26 February, 2006

Where'd You Get That Idea?

When I was a kid my mom subscribed to Good Housekeeping. I didn't realise until this evening how much the articles I read all those years ago influenced my thinking.

I was 9 years old when Jean Harris shot Dr. Herman Tarnower. Since the case involved money, drugs, sex and death it was natural fodder for a magazine. It seemed to me--very young at the time--as though that was all anyone ever thought about. Stories about the murder were in almost every issue. The issues that didn't feature Scarsdale Murder coverage carried letters to the editor about the Tarnower coverage in the previous month.

I was a little girl in a fairly homogeneous community. We were white middle-class midwesterners who went about our business. There was nothing like the Scarsdale murder in our boring town (at least not for a few years, anyway. More on the Osbornes another time.) My love for stories compelled me to cannibalize all the details as printed in the Ladies' Magazine.

Except that I was a little kid.

I came away with definite ideas about men, drugs, women and murder. In short, don't date anyone cruel, arrogant, dismissive or unfaithful. Don't take any drug unless you know what it is and what it is supposed to do. Don't get a fancy job (such as the headmistress of a school) because it can only lead to trouble. Sometimes there are people that flat out just need killin'.

I had learned all these things from the Good Housekeeping coverage of the Scarsdale case, and over the years forgotten where I had learned them. But I kept them in storage as part of my worldview. Some of them are good ideas, some of them are not such good ideas (like the "killing people"one, for instance). Which leads to my main question about myself.

I was allowed to read anything I wanted. I read so much that I think my parents were probably powerless to keep up with me. I read my first murder mystery (Agatha Christie's And Then There Were None) when I was 7. I've never given it much thought one way or the other. It's just what I do. I read.

But now I'm beginning to wonder. If I have a child of my own, will I let that child enjoy the same unfettered reading style that I had? I mean, is it really good for a ten year old girl to have such negative imprinting? It freaked me out today as I watched that HBO movie and realised that my lifelong insistance that I know everything about EVERY MEDICATION I TAKE stems from a few magazine articles I read as a child. It further freaked me out that I realised I had long ago made a negative mental correlation between having a career (as Jean Harris did) and being abused by a man (as Jean Harris was). Is this a good thing? I don't know. I know that everyone gets their ideas from somewhere, and I know that I was an unusual child. Heck. I'm still an unusual child.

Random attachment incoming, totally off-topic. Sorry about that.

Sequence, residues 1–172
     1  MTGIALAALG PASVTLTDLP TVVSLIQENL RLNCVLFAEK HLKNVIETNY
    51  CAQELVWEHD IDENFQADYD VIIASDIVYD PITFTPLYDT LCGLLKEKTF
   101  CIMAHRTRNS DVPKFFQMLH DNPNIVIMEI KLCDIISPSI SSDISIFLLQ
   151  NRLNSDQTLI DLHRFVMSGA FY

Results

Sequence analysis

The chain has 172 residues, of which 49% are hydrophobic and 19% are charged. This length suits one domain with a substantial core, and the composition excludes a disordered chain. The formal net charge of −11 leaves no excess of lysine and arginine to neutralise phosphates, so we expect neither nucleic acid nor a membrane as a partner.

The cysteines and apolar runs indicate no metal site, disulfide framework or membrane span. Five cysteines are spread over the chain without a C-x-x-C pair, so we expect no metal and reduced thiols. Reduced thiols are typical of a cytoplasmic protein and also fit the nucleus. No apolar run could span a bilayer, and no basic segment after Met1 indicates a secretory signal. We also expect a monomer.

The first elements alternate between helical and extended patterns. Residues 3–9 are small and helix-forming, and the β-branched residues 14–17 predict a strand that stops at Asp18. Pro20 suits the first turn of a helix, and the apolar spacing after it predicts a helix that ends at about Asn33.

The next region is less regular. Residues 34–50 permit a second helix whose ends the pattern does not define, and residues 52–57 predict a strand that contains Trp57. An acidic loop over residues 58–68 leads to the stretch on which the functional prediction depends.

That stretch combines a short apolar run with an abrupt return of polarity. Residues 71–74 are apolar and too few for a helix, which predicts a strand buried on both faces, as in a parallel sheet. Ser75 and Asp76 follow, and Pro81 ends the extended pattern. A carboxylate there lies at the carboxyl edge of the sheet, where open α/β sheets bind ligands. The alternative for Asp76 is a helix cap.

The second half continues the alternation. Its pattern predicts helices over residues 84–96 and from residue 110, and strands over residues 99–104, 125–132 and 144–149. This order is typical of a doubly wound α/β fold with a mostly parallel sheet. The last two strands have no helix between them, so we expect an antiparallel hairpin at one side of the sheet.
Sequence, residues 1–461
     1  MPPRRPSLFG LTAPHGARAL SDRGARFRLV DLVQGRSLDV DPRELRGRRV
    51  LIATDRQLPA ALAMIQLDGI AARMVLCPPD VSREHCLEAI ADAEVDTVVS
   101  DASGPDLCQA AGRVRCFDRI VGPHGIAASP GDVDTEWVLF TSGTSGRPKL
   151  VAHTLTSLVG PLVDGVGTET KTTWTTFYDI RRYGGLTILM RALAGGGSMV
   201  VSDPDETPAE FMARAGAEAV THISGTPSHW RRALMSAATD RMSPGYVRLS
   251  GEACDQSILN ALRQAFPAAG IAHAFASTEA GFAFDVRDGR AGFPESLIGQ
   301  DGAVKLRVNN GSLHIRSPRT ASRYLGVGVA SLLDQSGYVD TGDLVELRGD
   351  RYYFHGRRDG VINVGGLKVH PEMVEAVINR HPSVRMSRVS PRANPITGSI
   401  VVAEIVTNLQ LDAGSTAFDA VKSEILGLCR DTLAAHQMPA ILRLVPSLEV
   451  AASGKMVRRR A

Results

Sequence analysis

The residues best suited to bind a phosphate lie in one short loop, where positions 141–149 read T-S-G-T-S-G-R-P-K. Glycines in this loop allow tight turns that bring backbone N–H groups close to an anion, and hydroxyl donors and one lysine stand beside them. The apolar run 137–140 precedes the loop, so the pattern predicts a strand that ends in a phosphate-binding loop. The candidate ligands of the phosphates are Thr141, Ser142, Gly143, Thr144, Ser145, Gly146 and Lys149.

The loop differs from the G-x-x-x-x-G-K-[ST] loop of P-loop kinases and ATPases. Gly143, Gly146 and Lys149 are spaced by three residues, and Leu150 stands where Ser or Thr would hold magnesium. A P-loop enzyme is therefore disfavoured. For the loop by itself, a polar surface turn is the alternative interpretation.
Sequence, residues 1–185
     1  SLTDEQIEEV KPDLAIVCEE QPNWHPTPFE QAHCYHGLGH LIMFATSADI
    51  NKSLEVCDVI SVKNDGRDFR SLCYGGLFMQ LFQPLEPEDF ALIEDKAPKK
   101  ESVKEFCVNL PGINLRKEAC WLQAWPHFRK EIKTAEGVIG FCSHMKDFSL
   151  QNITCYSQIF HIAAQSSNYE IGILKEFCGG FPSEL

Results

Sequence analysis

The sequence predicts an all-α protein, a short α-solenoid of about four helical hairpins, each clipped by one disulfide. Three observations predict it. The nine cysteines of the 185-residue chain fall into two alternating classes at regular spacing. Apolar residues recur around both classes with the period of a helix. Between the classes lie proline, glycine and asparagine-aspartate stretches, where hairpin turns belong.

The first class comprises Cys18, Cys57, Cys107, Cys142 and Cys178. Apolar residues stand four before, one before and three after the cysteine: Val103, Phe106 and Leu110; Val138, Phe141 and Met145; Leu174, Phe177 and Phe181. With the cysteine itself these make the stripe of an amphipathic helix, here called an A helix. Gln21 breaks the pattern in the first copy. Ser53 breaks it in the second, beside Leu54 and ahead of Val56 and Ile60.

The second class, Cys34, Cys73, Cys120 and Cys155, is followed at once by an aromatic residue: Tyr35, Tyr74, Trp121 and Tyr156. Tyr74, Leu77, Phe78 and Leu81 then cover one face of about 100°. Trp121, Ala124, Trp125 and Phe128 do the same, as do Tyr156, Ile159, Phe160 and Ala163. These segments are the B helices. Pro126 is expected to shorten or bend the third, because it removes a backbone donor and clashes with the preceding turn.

I think I'm still Pro Information. I'm just pretty gobsmacked by what my kid mind did with adult information all those years ago.


At 4:56 PM, February 26, 2006, Blogger friedApplePie said...

I think if I ever had a kid I'd let him or her read/watch/play whatever. You can't really control that anyway, whatever your rules are. I would also hope though, that I would have a good enough relationship with the kid that we'd talk about most of the media that he or she consumed, even if I couldn't keep up fast enough to get first hand experience with it. Who knows how I'd manage that, though.

At 6:48 PM, February 26, 2006, Anonymous Anonymous said...

As the mom of two pre-teens I confess that they get to read just about anything they want.  At the same time I make sure there is plenty of age appropriate reading material "just laying around the house."  Given the choice on the coffee table between a Discovery Kids mag and Good Housekeeping I'm pretty confident they'll pick up that Discovery Kids 99 times out of 100.

I really don't think the reading material--even the adult stuff--can even begin to compare with the twisted possibilities of the tv.   Our tv has a code and they only get 3 hours each on the weekends! 

Right now my 12 year old is reading what I most certainly her first book that has some sexual content (content appropriate for teenager in the 14+ range) and I admit I'm struggling with myself about letting her read it.  But if I tell her she can't, doesn't it make it that much more enticing and that much more likely she won't come discuss some of it with me?

If she's going get that stuff from somewhere can you think of a better place?  At least if she's reading it she has to bite it off in chunks and chew it before she swallows.  When you get it from tv/movies it slides right in and can become a part of your personal lexicon without any thought at all.


At 3:17 PM, February 27, 2006, Blogger Kat Coble said...

I'm still thinking I'm going to be a very libertarian parent about my kids' reading. I think, after my growing up years that it'd be pretty hypocritical not to.

I guess I just have those moments of quavering where I'm just not quite sure. It's all academic anyway, at this point since neither my Bernese Mt. Dog nor my American Eskimo dog have shown much interest in literature thus far.

At 8:24 PM, February 27, 2006, Anonymous Anonymous said...

"I guess I just have those moments of quavering where I'm just not quite sure."

Well dear, that would be the quintessential state of parenthood: quavering.  You just do your best and pray daily that your not screwing them up too badly.  It helps if you forge ahead while appearing confident; I'll let you know in another decade if it works...


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